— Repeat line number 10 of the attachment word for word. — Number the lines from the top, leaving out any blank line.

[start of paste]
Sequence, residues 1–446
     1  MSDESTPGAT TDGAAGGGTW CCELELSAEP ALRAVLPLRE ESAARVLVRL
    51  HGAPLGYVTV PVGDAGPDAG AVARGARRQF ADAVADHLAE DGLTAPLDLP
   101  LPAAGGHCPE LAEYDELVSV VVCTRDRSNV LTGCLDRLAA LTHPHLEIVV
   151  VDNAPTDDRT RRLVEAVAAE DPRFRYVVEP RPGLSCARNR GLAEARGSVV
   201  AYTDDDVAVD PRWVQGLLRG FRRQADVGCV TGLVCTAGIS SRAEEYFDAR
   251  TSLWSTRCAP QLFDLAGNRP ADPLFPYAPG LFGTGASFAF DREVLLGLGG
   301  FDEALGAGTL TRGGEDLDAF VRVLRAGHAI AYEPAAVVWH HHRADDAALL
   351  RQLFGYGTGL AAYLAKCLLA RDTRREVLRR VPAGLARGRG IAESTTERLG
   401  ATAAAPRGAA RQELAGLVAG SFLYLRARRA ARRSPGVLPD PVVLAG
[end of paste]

   401  ATAAAPRGAA RQELAGLVAG SFLYLRARRA ARRSPGVLPD PVVLAG